Viral infection: a potent barrier to transplantation tolerance.

Miller DM, Thornley TB, Greiner DL, Rossini AA - Clin. Dev. Immunol. (2008)

Modulation of regulatory mechanisms by virus infection. Regulatory T cells play a crucial role in transplantation tolerance to allogeneic organs. Regulatory mechanisms that prevent immune attack on allogeneic tissues may be compromised in the setting of viral infection by at least two mechanisms. Release of inflammatory cytokines by virus-infected cells can prevent the differentiation of uncommitted naive CD4+ T cells into Tregs. Naive CD4+ T cells can differentiate into regulatory T cells in the presence of TGF-β. However, in the presence of TGF-β and proinflammatory cytokines such as IL-6, and perhaps IL-21, naive T cells can be skewed to turn into effector T cells such as the IL-17-producing TH17 cells. In a separate mechanism, release of cytokines such as IL-6 by infected APCs can render alloreactive effector cells refractory to suppression by regulatory T cells.
© Copyright Policy - open-access
Related In: Results  -  Collection

Show All Figures
getmorefigures.php?uid=PMC2536507&req=5

fig4: Modulation of regulatory mechanisms by virus infection. Regulatory T cells play a crucial role in transplantation tolerance to allogeneic organs. Regulatory mechanisms that prevent immune attack on allogeneic tissues may be compromised in the setting of viral infection by at least two mechanisms. Release of inflammatory cytokines by virus-infected cells can prevent the differentiation of uncommitted naive CD4+ T cells into Tregs. Naive CD4+ T cells can differentiate into regulatory T cells in the presence of TGF-β. However, in the presence of TGF-β and proinflammatory cytokines such as IL-6, and perhaps IL-21, naive T cells can be skewed to turn into effector T cells such as the IL-17-producing TH17 cells. In a separate mechanism, release of cytokines such as IL-6 by infected APCs can render alloreactive effector cells refractory to suppression by regulatory T cells.
Mentions: IL-6 isan MyD88-dependent cytokine that has emerged as a candidate mediator forimpairing regulatory T cell generation and function; its production isdiminished in untreated [119]—as well asLCMV-infected [120]—mice deficient inMyD88. CD4+ T cells develop a FoxP3+ regulatory T cell phenotypewhen they are activated in the presence of TGF-β. However, when CD4+ T cells areactivated in the presence of TGF-βand IL-6, this regulatory phenotype is suppressed and the cells develop aproinflammatory TH17 cell phenotype [121] (Figure 4). Therefore, virus infection may precipitate allograftrejection by preventing the generation of Tregs following costimulationblockade and instead favor development of proinflammatory effector T cells.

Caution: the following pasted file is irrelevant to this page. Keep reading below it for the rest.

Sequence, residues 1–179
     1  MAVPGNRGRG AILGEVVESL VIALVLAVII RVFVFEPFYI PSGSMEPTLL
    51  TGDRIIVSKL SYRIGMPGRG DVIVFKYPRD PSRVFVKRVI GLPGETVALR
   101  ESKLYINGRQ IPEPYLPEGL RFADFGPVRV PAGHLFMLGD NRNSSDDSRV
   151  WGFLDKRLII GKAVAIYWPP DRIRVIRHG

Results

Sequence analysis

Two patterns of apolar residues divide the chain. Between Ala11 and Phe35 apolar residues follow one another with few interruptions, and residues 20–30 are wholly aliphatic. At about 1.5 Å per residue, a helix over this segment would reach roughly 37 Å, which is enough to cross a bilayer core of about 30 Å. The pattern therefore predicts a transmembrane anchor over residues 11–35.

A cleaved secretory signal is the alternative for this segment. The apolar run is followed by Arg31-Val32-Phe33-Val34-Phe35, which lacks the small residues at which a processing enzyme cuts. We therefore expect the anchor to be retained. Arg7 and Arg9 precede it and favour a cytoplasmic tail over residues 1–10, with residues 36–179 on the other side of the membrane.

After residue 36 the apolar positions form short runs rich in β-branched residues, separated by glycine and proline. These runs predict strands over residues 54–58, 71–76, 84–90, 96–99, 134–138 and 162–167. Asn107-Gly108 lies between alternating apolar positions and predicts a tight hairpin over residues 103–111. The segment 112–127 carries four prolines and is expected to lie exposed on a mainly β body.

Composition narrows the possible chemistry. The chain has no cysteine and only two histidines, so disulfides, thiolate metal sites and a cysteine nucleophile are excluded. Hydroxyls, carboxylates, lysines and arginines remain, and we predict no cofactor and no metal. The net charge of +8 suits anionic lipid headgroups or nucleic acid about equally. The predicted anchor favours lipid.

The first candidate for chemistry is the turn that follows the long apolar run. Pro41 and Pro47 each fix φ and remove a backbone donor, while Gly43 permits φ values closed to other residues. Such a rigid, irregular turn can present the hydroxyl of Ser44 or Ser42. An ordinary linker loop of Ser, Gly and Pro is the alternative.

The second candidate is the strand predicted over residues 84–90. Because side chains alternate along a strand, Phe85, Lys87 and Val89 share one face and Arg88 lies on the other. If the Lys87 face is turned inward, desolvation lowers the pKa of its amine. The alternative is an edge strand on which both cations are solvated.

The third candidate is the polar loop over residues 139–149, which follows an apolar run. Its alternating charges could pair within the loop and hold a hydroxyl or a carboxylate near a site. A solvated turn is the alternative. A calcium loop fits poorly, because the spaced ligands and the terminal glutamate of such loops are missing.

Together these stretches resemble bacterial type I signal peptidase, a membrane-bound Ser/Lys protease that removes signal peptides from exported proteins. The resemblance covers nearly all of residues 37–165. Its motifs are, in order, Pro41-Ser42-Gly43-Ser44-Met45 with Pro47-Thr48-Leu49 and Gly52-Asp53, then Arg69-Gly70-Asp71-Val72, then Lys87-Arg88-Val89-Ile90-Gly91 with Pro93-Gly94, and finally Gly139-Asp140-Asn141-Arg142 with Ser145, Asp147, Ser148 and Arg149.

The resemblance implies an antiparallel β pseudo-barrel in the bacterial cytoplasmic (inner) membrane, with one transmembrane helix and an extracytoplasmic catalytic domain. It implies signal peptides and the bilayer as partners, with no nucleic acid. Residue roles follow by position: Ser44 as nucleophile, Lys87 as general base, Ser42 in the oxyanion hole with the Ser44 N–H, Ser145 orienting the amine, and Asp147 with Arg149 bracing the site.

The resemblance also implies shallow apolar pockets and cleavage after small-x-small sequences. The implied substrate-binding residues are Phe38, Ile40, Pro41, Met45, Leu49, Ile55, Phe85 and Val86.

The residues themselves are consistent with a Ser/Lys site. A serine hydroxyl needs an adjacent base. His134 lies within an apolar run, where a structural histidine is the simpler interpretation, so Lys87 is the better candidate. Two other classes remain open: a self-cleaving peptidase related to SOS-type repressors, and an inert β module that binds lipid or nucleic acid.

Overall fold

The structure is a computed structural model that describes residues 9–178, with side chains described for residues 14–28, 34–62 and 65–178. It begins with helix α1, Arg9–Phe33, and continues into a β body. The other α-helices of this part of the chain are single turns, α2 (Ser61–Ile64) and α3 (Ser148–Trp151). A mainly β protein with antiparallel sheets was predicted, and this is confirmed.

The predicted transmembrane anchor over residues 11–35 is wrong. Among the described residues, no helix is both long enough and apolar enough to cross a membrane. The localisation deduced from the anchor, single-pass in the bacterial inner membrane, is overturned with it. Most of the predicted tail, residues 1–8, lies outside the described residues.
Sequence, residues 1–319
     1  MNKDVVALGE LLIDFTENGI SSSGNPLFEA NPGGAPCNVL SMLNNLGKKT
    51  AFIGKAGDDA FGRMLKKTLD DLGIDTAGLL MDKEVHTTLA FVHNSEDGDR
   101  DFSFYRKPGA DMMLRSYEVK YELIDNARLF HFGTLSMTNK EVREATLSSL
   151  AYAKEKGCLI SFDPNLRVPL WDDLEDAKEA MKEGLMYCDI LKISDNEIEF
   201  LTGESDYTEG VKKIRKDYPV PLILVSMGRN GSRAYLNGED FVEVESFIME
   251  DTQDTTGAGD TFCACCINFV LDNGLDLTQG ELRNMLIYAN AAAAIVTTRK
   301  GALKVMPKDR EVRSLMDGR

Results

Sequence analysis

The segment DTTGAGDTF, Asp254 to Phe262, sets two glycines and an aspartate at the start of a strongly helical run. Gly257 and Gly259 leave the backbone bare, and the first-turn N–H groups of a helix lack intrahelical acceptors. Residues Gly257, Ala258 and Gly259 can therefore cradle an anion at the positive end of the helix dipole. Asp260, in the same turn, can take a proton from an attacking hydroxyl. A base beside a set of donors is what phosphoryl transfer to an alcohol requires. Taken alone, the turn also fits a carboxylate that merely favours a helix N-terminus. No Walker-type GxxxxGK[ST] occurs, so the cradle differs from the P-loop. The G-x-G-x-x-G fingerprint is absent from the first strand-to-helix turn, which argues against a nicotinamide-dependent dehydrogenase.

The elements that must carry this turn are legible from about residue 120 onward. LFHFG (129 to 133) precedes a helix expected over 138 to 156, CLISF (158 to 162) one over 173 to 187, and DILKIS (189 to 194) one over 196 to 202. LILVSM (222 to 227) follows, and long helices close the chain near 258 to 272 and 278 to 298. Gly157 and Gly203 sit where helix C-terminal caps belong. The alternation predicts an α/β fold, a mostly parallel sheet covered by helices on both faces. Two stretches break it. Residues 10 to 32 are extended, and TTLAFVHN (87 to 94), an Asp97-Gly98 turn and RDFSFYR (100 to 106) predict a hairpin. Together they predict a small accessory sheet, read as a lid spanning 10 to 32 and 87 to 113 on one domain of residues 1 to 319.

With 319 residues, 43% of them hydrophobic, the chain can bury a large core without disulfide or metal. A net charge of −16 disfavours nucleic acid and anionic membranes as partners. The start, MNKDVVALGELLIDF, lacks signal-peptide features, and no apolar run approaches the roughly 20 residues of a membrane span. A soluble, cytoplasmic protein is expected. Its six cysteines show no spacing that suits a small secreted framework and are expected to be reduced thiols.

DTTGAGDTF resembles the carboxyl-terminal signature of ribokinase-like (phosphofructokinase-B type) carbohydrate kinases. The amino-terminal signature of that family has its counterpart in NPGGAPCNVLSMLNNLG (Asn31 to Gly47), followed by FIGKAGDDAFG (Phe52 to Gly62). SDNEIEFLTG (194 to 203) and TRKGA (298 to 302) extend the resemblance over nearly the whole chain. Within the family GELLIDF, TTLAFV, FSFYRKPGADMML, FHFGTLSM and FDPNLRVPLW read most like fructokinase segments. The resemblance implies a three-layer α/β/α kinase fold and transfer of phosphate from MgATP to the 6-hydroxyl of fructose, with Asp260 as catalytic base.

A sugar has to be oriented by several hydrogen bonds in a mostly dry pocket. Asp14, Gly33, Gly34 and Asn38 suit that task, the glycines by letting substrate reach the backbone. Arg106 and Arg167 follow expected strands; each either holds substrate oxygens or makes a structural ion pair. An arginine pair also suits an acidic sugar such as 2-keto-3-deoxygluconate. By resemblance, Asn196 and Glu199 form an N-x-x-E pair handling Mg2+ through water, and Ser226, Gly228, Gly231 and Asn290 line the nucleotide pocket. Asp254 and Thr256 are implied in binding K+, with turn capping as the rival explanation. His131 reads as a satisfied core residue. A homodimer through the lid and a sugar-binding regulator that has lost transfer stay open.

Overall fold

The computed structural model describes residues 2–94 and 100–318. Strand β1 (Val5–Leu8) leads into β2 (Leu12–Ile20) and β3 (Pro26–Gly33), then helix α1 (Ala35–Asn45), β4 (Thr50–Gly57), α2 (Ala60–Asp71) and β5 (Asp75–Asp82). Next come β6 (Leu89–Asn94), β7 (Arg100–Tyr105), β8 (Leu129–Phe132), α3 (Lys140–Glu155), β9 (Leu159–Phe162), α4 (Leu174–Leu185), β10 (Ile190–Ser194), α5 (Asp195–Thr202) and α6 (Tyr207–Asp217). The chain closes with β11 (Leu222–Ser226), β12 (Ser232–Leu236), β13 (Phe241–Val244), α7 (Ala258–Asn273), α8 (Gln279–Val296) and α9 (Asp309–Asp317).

Bottom Line: Emerging as some of the most promising approaches for the induction of tolerance are protocols based on costimulation blockade.However, as these protocols move into the clinic, there is recognition that little is known as to their safety and efficacy when confronted with environmental perturbants such as virus infection.In animal models, it has been reported that virus infection can prevent the induction of tolerance by costimulation blockade and, in at least one experimental protocol, can lead to significant morbidity and mortality.

View Article: PubMed Central - PubMed

Affiliation: Division of Diabetes, Department of Medicine, University of Massachusetts Medical School, Worcester, MA 01655, USA.

ABSTRACT
Transplantation of allogeneic organs has proven to be an effective therapeutic for a large variety of disease states, but the chronic immunosuppression that is required for organ allograft survival increases the risk for infection and neoplasia and has direct organ toxicity. The establishment of transplantation tolerance, which obviates the need for chronic immunosuppression, is the ultimate goal in the field of transplantation. Many experimental approaches have been developed in animal models that permit long-term allograft survival in the absence of chronic immunosuppression. These approaches function by inducing peripheral or central tolerance to the allograft. Emerging as some of the most promising approaches for the induction of tolerance are protocols based on costimulation blockade. However, as these protocols move into the clinic, there is recognition that little is known as to their safety and efficacy when confronted with environmental perturbants such as virus infection. In animal models, it has been reported that virus infection can prevent the induction of tolerance by costimulation blockade and, in at least one experimental protocol, can lead to significant morbidity and mortality. In this review, we discuss how viruses modulate the induction and maintenance of transplantation tolerance.

Show MeSH
Related in: MedlinePlus